BURNABY, B.C. – A short duck born in East Asia promotes an impression on the Vancouver Eastern lake, and experts believe that he is a savior.
Mandarin duck, with its dynamic golden, green and blue hops, attracts visitors to Lake Burnaby and was first seen in May, says Irene Lau, chairman of the Burnaby Lake Park Association. A similar poultry in New York has also created crowds.
Lau saw a male duck in the park at the end of September.
This is not the first time you see a mandarin duck in this park, she says.
Records show that around 10 years ago, the mandarin duck was observed in this area, although she adds that there is only one record.
"It just popped in and out."
Mandarin Duck is a further cousin of wild ducks who has called for a park at home, since they were first observed in 1960, she says.
In the seventies, the Park Association began laying nesting boxes for them, so that the ducks began to spend the winter at the lake.
These birds not only slide on the water and go down the hall, but often sit in the trees, says Lau.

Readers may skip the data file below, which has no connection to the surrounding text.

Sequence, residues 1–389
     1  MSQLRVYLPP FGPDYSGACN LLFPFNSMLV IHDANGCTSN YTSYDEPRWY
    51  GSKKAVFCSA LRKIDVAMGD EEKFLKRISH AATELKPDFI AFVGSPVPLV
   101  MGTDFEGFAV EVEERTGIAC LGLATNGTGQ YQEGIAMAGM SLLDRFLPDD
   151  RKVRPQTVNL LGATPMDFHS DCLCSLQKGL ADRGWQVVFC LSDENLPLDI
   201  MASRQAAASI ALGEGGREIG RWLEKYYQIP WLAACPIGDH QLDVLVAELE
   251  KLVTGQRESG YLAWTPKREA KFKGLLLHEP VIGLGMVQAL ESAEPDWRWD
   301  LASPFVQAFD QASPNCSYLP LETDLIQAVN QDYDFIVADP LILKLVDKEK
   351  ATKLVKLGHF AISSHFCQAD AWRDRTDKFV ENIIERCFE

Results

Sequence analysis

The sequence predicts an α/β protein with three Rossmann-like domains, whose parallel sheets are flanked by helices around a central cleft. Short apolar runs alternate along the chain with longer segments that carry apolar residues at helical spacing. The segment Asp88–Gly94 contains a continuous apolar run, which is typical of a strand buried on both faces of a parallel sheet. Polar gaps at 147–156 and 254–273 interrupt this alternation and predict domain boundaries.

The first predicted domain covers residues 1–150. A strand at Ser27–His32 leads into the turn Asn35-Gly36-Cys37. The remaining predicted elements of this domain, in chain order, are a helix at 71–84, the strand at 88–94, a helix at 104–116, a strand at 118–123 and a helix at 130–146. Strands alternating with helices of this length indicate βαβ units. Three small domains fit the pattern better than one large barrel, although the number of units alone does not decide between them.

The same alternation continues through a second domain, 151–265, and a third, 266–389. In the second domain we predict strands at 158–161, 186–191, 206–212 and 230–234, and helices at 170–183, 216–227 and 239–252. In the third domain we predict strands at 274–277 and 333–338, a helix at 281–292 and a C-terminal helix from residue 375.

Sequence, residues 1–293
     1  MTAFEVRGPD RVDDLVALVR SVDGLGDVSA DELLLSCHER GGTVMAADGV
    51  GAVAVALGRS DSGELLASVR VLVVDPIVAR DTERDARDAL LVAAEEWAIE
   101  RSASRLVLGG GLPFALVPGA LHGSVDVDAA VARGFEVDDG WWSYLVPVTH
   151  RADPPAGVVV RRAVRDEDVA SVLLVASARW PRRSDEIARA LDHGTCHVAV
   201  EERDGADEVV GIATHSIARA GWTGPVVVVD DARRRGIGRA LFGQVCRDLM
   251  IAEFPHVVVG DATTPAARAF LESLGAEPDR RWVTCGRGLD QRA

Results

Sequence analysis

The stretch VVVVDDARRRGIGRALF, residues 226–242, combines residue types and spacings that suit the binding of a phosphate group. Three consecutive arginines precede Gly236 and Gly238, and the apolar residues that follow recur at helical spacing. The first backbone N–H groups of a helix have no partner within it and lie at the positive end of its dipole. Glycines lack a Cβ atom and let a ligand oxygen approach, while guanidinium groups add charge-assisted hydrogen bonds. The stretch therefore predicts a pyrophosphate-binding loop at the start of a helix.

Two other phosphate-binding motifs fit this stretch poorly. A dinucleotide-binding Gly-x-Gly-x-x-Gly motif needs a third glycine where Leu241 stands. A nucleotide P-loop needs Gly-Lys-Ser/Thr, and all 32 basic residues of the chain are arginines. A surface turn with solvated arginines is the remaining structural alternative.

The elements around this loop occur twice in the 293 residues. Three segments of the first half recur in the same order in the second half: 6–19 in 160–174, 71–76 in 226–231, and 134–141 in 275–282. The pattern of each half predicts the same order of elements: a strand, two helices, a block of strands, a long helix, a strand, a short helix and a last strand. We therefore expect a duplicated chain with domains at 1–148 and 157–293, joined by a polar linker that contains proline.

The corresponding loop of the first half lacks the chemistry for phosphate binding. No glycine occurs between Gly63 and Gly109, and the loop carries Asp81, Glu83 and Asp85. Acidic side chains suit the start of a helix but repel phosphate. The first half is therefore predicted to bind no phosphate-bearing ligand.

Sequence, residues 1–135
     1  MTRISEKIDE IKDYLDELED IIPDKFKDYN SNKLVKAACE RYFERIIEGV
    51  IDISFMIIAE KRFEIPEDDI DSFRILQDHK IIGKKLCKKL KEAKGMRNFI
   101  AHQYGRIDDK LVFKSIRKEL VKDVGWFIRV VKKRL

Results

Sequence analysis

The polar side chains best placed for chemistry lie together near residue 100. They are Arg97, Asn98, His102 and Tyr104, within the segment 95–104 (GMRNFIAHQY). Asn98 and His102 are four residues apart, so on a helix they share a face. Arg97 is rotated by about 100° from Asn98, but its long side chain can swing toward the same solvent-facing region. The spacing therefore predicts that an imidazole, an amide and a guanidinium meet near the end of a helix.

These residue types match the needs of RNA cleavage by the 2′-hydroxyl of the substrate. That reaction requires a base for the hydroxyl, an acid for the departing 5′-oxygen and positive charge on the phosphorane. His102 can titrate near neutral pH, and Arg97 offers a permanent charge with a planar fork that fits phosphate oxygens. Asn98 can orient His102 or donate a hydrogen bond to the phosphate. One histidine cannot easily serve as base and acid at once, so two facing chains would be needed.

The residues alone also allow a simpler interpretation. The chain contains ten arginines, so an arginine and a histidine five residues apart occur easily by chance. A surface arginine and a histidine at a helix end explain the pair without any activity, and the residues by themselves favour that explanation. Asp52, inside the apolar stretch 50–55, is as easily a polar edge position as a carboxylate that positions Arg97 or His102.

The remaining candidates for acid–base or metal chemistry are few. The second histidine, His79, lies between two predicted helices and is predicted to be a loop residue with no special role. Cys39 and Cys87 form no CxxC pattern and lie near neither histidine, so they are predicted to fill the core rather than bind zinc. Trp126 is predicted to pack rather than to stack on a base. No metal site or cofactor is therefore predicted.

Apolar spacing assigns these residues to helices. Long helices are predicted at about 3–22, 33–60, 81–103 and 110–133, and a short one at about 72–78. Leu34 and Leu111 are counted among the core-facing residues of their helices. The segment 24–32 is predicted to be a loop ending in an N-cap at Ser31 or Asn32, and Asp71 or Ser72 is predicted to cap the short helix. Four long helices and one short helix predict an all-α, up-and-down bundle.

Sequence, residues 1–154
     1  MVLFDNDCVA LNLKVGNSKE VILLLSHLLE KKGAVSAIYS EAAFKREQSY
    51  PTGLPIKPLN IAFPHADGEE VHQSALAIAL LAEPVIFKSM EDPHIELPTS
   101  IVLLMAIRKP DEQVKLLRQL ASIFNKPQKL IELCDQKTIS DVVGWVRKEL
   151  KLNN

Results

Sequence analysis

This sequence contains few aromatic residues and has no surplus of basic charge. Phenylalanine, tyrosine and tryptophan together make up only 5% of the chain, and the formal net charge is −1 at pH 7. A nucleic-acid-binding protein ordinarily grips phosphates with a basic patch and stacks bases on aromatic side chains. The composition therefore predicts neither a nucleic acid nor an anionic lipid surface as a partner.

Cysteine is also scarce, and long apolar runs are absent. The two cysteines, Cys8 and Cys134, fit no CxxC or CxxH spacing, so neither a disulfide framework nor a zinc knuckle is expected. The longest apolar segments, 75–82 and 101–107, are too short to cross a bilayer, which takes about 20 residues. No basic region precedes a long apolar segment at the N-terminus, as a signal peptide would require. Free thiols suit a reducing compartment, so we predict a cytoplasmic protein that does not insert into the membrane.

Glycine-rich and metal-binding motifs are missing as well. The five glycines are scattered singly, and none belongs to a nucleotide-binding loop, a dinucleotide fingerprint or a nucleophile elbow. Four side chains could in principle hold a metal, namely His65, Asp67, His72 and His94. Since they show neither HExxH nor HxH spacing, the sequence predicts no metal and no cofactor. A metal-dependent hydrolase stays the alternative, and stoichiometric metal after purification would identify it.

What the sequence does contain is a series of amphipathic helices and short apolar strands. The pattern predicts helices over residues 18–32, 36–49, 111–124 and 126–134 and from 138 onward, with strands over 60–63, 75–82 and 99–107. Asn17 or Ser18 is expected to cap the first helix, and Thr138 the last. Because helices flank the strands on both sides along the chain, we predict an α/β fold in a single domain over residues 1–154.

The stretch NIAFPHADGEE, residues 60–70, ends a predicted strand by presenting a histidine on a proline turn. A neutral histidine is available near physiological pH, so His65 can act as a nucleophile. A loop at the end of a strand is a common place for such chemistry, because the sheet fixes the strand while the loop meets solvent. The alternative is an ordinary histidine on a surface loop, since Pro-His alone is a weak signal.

"They have little hooks on their scalloped legs that allow them to fertilize trees."
Doctor Harold Eyster, a British Columbia University's biodiversity and conservation specialist, says it's possible that this bird is a fugitive because these birds are popular garden ornaments.
Probably there's nothing in the book that you can not keep tangerine ducks like pets, says BC SPCA statement.
Geoff LeBaron, director of the National Audubon Society for Fish Birds, says duck is a very popular bird with people who spawn waterbirds, so this bird could be an escaped pet.
He says that for many years 1980s-1990s. A few surprising numbers of mandarin ducks, which probably came from growers, were observed in this area in the years.
Mandarin ducks can divorce with a tree duck and create hybrids, says LeBaron.
In the wild, they live up to five to seven years.
"It could have been there for quite some time," he says.
Lau believes that the duck escaped from the hobby farm and said that people in the park largely left him alone.
The park also has a bobcat family and waters, although he dodges them depends on how clever he is, she says.
"But he could stay for the whole year, because life in the lake is quite good," Lau adds with wobbling.